KINGDOM OF TONGA
“where extraordinary days just happen”
I'd love to the describe a great arriving at the Vava' u group of Tonga, but after an other challenging crossing from Niue, we just arrived in the first sheltered bay of the island and dropped the anchor in the complete darkness. We obviously trusted our electronic devices and the very useful tips of Ken Hellewell and his cruising guide “Kingdom of Tonga”, however the feeling to anchor seeing nothing around was quite awkward. Our stomachs were still rolled over and after a hot soup I just remember I crushed on my bed with Alice's arm over my chest.
We can consider the next day as the real arrival, with a weird sound waking us up. You know, we are used to hear dogs, chickens, birds, wind, waves and any other kind of noise around us. But waking up with a whale song, that was special. I haven't said anything for minutes, staring at the sunrise over my window just listening, and trust me when I tell you there are not so many things that can keep an Italian with his mouth shut.
I mean, am I really experiencing this? I am the kind of guy who grew up watching animations on TV and falling asleep at night during documentaries. But then a few times when I was a kid I tried to kick a ball over a three football field distance or jump higher than a car and it never worked. Somehow now, little things from that boring night show of Piero Angela, such as wild animals from the blue ocean, birds with blue foot and any kind of landscape I could possibly imagine, are real. They are around every day, not just a memory or something just saw on TV. Whales are waking us up on our first day of Tonga Islands and one more time I ask to my self:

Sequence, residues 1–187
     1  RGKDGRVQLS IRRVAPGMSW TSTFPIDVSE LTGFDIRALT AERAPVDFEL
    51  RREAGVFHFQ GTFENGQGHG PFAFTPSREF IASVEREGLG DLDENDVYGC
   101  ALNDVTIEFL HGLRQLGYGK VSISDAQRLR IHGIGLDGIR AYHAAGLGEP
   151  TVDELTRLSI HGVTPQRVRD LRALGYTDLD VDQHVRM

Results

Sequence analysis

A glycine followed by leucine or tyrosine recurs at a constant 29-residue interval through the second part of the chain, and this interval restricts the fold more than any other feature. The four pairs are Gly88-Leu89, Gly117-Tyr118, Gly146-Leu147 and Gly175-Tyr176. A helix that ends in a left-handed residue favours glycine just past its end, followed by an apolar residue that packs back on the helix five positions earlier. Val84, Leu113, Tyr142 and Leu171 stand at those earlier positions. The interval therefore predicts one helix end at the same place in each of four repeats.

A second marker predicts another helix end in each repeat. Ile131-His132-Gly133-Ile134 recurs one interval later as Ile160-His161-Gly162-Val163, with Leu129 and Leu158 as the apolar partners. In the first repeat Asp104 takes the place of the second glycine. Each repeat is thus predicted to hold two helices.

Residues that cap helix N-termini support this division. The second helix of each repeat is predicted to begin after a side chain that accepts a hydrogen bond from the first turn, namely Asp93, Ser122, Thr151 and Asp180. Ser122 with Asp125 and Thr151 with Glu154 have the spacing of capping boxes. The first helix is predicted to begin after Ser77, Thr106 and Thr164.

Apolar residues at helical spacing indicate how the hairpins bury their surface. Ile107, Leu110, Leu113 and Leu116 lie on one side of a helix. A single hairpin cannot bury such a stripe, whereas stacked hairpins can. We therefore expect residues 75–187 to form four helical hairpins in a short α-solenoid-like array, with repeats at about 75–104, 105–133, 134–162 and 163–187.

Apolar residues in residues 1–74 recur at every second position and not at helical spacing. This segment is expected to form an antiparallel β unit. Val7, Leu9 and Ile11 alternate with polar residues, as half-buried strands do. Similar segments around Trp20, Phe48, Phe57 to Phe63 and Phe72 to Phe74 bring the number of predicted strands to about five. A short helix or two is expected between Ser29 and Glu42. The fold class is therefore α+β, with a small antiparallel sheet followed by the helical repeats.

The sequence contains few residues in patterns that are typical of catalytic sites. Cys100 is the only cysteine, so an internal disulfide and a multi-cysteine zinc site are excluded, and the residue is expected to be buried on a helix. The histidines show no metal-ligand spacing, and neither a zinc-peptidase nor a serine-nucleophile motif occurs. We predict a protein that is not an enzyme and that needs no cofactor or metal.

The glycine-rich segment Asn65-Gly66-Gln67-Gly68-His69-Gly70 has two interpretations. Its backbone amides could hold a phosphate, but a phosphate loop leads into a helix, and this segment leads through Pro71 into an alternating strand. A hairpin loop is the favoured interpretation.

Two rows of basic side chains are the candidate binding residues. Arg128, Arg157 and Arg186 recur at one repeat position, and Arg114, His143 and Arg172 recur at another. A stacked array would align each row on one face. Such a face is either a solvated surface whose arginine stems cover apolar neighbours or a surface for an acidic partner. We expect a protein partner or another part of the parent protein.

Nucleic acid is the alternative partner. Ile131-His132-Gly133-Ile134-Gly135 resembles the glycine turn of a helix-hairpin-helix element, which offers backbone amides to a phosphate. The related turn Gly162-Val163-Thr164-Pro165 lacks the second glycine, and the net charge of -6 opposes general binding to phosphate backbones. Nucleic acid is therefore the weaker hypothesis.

“So what comes next today?”
I have very hard time to understand what the Real Life is. Especially when someone warned me about how hard it will be to be back at “the real one”. When I take a look at these blogs, at the number of great experiences shared with lots of amazing people, I end up to consider even meeting with an old friend for a pizza in my home town as a special event. Probably the secret of life is really to shift our life from what we think is the right thing based on someone else experiences, not be scare and live our journey. Learning from our own needs, without ever forgetting where we come from and trying to understand who we are and who we will be.
So I thank the very few who could cope with my philosophical moments and keep going to read this text but these whales touch me deeply.
The first day it was just the gate or better “The Pass” for a new world. These islands are the final stop for the Humpbacks whales. The real destination after thousands of miles of cold and deep ocean. Here 3000 of them come every year to swim into a crystal blue and warm water. Perfect place to rise a little calf, to scratch some shells from their belly and play with the few lucky people who decide to swim with them. As Alice always says “If I were a whale, I would also like to come here!”. This is one of the only place on earth where journalists, biologists, photographers and enthusiastic whales lovers come to find their perfect shot. Whale-watching is definitely the main attraction and laws, like in Niue, are very strict to avoid people go swimming with big mama and her calf independently, without paying the standard 250/300 Pangai Dollars (local money 150euro) for the local tours.
If you ask me: “Are the tours worth?” I'd definitely say: YES!!!!
And if you ask me if the laws kept me far from the water every time I've seen a whale around: “Hum, well that's all another story!”
I am far from being the bad guy who brakes the law just like nothing. However there are situations when you have to ask yourself: how much do you want it?